If your data is not contained in the snapshot, you may want to consider creating a manual snapshot. Click on the Create snapshot button, and this would bring up a dialog as shown below. Provide the required details.

Redshift manual snapshots

Once you click on the Create snapshot button, it will create a manual snapshot as shown below. This manual snapshot would have the table in question, assuming the snapshot is created after having the table in place.

Redshift snapshots

Now that we have the snapshot is in place, we can start creating a Restore Table job. This job will restore the selected tables to the existing cluster. Assume that the users table that we created earlier, we intend to restore the same table from the snapshot in the AWS Redshift cluster, where the user table already exists. We would start by creating a new table restore job. Scroll down and click on Create Restore Job button. Upon clicking, a new wizard would appear as shown below.

Redshift table restore job

From the snapshots section, select the right snapshot which contains the last desired version of the table, which was backed up in the snapshot as shown below. In the Source table to restore from section, select the database and the schema in which the table existed, as well as the name of the table when the snapshot was created.

Restore table

After providing the source details, provide the target table details. The name of the database, name of the schema and the new name of the table that would be used to restore the table in the existing cluster has to be provided as shown below. In this case, we are naming the restored version of the table as restored_users. Once all the details are filled up, one can click on the Restore table button.

Redshift table restore job

A new restore table request would get created with a new request id as shown below. The restore process may not start immediately and depending upon the volume of the table it may take time to restore the table. Till then, the status of the table would be in the pending state. One can monitor the cloudwatch metrics of the AWS Redshift cluster to monitor the activity in the cluster, and that may offer clues of the restore activity going on in the cluster as well as the impact of the restore activity on the cluster storage and processing capacities.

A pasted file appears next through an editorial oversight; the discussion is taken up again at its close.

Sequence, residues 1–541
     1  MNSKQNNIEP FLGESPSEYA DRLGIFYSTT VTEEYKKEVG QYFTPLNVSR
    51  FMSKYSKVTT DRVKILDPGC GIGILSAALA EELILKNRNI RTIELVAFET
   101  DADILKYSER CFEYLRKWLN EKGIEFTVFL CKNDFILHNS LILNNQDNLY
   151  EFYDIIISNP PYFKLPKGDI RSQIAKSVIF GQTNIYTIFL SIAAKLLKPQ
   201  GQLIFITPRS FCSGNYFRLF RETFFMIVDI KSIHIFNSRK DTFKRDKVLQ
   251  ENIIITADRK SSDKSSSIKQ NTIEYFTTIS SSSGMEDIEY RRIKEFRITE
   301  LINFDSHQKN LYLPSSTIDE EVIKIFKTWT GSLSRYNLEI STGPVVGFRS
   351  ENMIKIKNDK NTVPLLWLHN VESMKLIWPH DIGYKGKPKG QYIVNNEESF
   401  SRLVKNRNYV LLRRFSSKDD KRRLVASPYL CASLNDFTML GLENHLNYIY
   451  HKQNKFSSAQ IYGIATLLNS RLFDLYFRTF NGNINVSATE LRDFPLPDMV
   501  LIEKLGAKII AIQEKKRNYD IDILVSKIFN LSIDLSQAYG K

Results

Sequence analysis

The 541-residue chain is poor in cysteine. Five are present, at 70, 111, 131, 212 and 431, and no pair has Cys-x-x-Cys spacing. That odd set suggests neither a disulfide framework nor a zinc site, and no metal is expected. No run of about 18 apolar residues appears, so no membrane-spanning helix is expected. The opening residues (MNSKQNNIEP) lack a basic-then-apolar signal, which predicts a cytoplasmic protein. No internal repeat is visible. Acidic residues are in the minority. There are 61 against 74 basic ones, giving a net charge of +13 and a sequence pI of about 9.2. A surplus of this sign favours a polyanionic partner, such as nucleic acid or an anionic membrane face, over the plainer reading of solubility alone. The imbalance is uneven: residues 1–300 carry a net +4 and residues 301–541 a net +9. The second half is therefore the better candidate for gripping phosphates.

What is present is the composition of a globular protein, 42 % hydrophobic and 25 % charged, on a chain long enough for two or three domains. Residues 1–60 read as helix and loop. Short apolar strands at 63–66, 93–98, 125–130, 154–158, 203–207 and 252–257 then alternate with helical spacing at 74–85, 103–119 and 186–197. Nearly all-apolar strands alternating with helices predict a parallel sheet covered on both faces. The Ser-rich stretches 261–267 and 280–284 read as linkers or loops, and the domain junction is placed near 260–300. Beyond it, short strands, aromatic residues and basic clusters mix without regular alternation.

Redshift table restore job

Once the restore process is complete, the cloud watch metrics should return to normal, and you would also find the job in the completed state as shown below.

Redshift table restore job

Now that the table is restored, one can navigate back to the cluster and you would find that the restored table with all the data in it as shown below.

Restored table in Redshift Cluster

In this way, one can restore the tables from Amazon Redshift snapshots to an existing Redshift cluster without the need to restore an entire database. If you have created the manual snapshot just to test out the feature, it is advisable to delete the manual snapshot so that it won’t create any additional costs.

Conclusion

In this article, we learned how to use the AWS Redshift table restore feature to restore specific tables into an existing AWS Redshift cluster. We also learned how to create manual snapshots and ensure that the data we would need to restore in the future is contained in an automated or manual snapshot as required.

Table of contents

Getting started with AWS Redshift
Access AWS Redshift from a locally installed IDE
How to connect AWS RDS SQL Server with AWS Glue
How to catalog AWS RDS SQL Server databases
Backing up AWS RDS SQL Server databases with AWS Backup
Load data from AWS S3 to AWS RDS SQL Server databases using AWS Glue
Load data into AWS Redshift from AWS S3
Managing snapshots in AWS Redshift clusters
Share AWS Redshift data across accounts
Export data from AWS Redshift to AWS S3
Restore tables in AWS Redshift clusters
Getting started with AWS RDS Aurora DB Clusters
Saving AWS Redshift costs with scheduled pause and resume actions

Rahul Mehta
AWS

About Rahul Mehta

Rahul Mehta is a Software Architect with Capgemini focusing on cloud-enabled solutions. He works on various cloud-based technologies like AWS, Azure, and others. He has worked internationally with Fortune 500 clients in various sectors and is a passionate author. View all posts by Rahul Mehta